It's not unusual for teenagers to go through challenging times as they mature into adulthood. The years between 13 and 20 are bursting with uncertainty and hormones. Most parents of a teen will tell you that there are times when the term "teenage angst" is an appropriate assessment of their child's mood.
But sometimes there's more to a teen's persistent sulking and troubles with school. According to the U.S. Centers for Disease Control and Prevention (CDC), 1 in 50 American kids suffer from depression. And, 8.3 percent of teens suffer depression, for at least a year at a time, compared to about 5.3 percent of the general population. Many of these children will continue to experience depression later in life.
A new study says that a saliva test for teenage boys with mild symptoms of depression could help identify those who will later develop major depression.
Researchers measured the stress hormone cortisol in teenage boys and discovered that the ones with high levels coupled with mild depression symptoms were up to 14 times more likely to suffer from clinical depression as an adult, than those boys with low or normal cortisol levels.
While the test was tried on both teenage girls and boys, it was found to be more effective with the boys.
"This is the emergence of a new way of looking at mental illness," Joe Herbert of the University of Cambridge and one of the study authors said at a news conference on Monday. "You don't have to rely simply on what the patient tells you, but what you can measure inside the patient," he said.
Researchers observed more than 1,800 teenagers aged 12 to 19 and examined their cortisol levels with saliva tests. They also collected the teens' own reports of depression symptoms and tracked diagnoses of mental health disorders in them for up to three years later.
The boys who had high cortisol levels and mild depression symptoms were up to 14 times more likely to suffer from clinical depression when compared to other teens with normal levels, while girls with similarly elevated cortisol levels were only up to four times more likely to develop the condition.
Statistically, girls report suffering from depression more than boys, so why the difference in effectiveness in the saliva tests of the boys and girls tested?
"All hormones, including sexual hormones, influence brain function and behavior," said Dr. Carmine Pariante, a professor of biological psychiatry at the Institute of Psychiatry at King's College London. He was not linked to the study.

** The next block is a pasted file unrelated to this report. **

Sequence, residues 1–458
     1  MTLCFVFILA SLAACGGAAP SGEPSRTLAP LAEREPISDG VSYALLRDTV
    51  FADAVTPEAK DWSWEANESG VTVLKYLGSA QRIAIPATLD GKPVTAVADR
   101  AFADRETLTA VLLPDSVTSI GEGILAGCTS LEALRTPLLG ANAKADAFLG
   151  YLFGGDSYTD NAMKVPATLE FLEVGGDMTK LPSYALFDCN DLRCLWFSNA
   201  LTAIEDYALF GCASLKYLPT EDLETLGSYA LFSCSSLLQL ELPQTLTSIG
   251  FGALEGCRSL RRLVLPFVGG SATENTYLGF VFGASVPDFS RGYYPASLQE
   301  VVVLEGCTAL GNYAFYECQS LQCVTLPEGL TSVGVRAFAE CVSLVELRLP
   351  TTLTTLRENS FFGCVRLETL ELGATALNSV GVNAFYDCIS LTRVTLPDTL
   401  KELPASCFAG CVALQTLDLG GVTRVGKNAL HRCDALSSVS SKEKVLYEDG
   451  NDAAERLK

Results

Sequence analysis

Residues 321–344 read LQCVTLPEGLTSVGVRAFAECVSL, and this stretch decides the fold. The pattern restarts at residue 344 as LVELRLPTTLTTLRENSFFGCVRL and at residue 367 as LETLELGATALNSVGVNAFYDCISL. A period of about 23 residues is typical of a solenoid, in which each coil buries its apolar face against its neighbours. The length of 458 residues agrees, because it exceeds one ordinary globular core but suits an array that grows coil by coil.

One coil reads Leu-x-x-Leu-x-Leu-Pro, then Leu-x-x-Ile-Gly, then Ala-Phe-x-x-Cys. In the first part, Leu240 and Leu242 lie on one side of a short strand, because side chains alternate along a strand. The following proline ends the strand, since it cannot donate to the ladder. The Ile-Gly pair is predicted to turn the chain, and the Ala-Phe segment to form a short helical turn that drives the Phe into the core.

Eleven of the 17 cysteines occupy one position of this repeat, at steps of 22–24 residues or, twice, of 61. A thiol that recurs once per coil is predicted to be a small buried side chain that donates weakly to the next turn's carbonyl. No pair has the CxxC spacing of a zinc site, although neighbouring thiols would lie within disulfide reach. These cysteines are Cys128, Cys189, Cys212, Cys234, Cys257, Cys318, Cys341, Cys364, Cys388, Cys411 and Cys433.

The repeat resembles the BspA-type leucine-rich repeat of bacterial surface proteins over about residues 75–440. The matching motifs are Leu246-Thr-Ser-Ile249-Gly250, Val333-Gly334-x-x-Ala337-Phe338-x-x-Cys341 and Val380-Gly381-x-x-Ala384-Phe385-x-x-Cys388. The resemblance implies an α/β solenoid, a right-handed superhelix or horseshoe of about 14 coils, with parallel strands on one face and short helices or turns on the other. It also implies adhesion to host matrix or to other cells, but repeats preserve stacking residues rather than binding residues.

Pariante said the gender-specific hormones - androgen for males and estrogen and progesterone for females - might react differently to cortisol and could explain the difference in risk for teenage boys and girls.
The saliva test could prove beneficial in helping teenage boys who are at risk for developing clinical depression, by targeting those teens early and providing psychological help before their depression progresses.
"This gives us a biological model to understand mental health problems the way we understand other medical conditions," Pariante said, comparing it to how doctors might diagnose a broken leg based on an X-ray or identify heart disease patients based on high blood pressure or cholesterol readings. "It will help us identify patients at risk so we can try to help them as soon as possible."
Sometimes it's difficult for parents or guardians to distinguish between the symptoms of mild depression and their teenager's typical up and down mood swings. Helpguide.org lists these symptoms of depression for teens. There is also more information on their website about depression and teens that you may find helpful.
? Sadness or hopelessness
? Irritability, anger, or hostility
? Tearfulness or frequent crying
? Withdrawal from friends and family
? Loss of interest in activities
? Changes in eating and sleeping habits
? Restlessness and agitation
? Feelings of worthlessness and guilt
? Lack of enthusiasm and motivation
? Fatigue or lack of energy
? Difficulty concentrating
? Thoughts of death or suicide
If you're unsure if an adolescent in your life is depressed or just "being a teenager," consider how long the symptoms have been present, how severe they are, and how different the teen is acting from his or her usual self. While some "growing pains" are to be expected as teenagers grapple with the challenges of growing up, dramatic, long-lasting changes in personality, mood, or behavior are red flags of a deeper problem.
If you are concerned that your teen is experiencing depression, talk with your pediatrician or family doctor for a better understanding of what may be going on and references for mental health care.
The Cambridge study was published in the journal Proceedings of the National Academies of Science.
Sources: Alexandra Sifferlin, http://healthland.time.com/2014/02/18/saliva-test-predicts-risk-of-severe-depression-in-boys/
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